Philips’ Hue line of smart lights continues to grow in variation and functionality, with the Ascend Smart Table Light among the latest to join the family.
This isn’t Philips’ first attempt at making a table lamp. The difference with the Ascend is that it can apply to a variety of situations because it doesn’t fall under one type of room. Whether it’s a living room, bedroom, office, or even a man cave, the lamp can fit anywhere. An important point, however, is that the lamp isn’t necessarily where you start with the Hue line, it’s something you add to an existing setup.
How the Ascend Works
The Ascend Smart Table Light does not come with a Hue Bridge, the device that connects to your home router and communicates with all things Hue in the home. Without it, there’s no way to control it using the Hue App or voice commands via Alexa, Google Assistant, or Siri. The only exception is using an Amazon Echo Plus or a smart hub like the Wink Hub or Samsung SmartThings (which support the Zigbee wireless standard).
Going that route doesn’t offer the same range of features the Hue App does, including other third-party apps that work with Hue lights. Controls are limited under that setup, which is why I recommend the Bridge as the best way to manage the Ascend Lamp. Since it doesn’t come with it, you would have to buy it separately—unless you already have one from a previous Hue purchase.
Assembling the lamp requires putting together a few pieces, including the shade, before screwing in the light bulb. The stand itself is a thin piece with a moderate-sized base. The lamp portion itself isn’t all that large or long, though it does swivel, allowing you to angle the light almost 240-degrees.
Like almost every Hue product, the Ascend Smart Table Light needed a software update via the Hue App. I like that Philips consistently updates Hue products, but it took a long while for it to finish, initially. I also had trouble adding the lamp to my existing Hue lineup in the first place. Not sure why, but after a bit of trial and error, it finally worked. I doubt my experience would be the same for you though.
I had an easier time setting it up with my smart home devices, particularly with Alexa and Google Home. Once that was done, I could turn the lamp on or off and change colours or scenes by using my voice. I could also add the lamp to a Routine in Alexa so that it would turn on and switch to a specific colour, brightness, or scene in tandem with other smart home products in that routine.
The tech side of the setup was one thing, but I also had to decide on where to put it in the first place. I used the lamp in a home office, living room, and bedroom setting, and found it to be effective in all three settings. Its size and height weren’t big issues to deal with, either.
Lighting Up a Room
The beauty of the Hue ecosystem is that lights within it can act independently or in unison. I could have the lamp light up itself or be part of a broader setup. That also includes using it with third-party apps specific to the Hue lineup.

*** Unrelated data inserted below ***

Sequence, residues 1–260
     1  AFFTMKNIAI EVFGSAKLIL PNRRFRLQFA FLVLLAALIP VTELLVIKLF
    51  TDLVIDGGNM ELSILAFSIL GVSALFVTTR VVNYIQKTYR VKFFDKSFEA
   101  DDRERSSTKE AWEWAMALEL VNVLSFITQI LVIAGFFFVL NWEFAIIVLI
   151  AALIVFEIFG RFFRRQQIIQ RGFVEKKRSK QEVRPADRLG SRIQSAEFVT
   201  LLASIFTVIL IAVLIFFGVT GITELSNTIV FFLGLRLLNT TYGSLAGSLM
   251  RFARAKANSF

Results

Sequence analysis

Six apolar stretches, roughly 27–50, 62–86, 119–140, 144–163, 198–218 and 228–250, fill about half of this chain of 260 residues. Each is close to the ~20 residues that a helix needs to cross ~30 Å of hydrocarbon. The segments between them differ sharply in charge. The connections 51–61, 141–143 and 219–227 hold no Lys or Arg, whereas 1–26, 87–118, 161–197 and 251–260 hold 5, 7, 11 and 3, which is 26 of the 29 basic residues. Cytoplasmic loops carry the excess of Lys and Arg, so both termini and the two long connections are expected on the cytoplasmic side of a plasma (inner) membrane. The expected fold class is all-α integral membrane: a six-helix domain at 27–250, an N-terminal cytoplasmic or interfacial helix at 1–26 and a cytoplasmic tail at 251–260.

Ambee is among my favourites, courtesy of an impressive array of preset lighting scenes. Plus, many of them are dynamic, where lights gradually change in tone and colour to create beautiful effects. Available on both iOS and Android, it’s worth it, and even more so if you have multiple Hue lights. OnScreen and ThorLight are two others I also use.
Any lamp you can brighten, dim, and alter is going to give you plenty of flexibility, and that’s what this delivers. I could dim it to watch a show or movie, or brighten it to illuminate a workspace. It uses a single Hue candle bulb, which is reasonably powerful, but not enough to flood a room with really bright light. This is an accent light, not a primary one (like one you would find on a ceiling, for example).
What I liked was that being a newer bulb, the Ascend Smart Table Light benefits from a wider colour gamut. Colours are vibrantly rich, with reds, greens, and blues looking radiant. I tended to angle the lamp up or down towards a wall for a warm effect that really added some flair to a room. If you have artwork or something to show off, this is one way to do it.
All of what I’m describing equally applies to regular light, like cool or soft white. If simple lighting is what’s called for, the Ascend obliges. Philips preloads some scenes for this type of lighting, but you can always create your own based on your needs or tastes.
Longevity for Years
LED bulbs can last for years before you need to replace them. Since the Ascend Smart Table Light uses a Hue candle bulb, you would only need to screw in a new one once the original burns out. The swivel is one of those elements that could loosen over time. It’s pretty stiff, as is, and there’s no way to adjust the tightness.
Still, this is a lamp I would expect to be relevant for years. Philips will continue to update it over time, and, even better, if a newer version of the candle bulb comes out, it should work without issue on the Ascend Smart Table Light.
As I noted earlier, this table light is more a complement to an existing Hue system, rather than the starting point. You certainly can go that route, if you want to, but I have found the system is more impactful with multiple active lights. Where this lamp fits in really depends on where you think it would fit best.
I would also recommend getting more out of it by using other tools. The third-party Hue apps and smart home platforms I mentioned are good places to start. With the bevy of choices available, you’ll end up with a lamp that does more than just blare out some light.
The Philips Hue Ascend Smart Table Light is available now at Best Buy.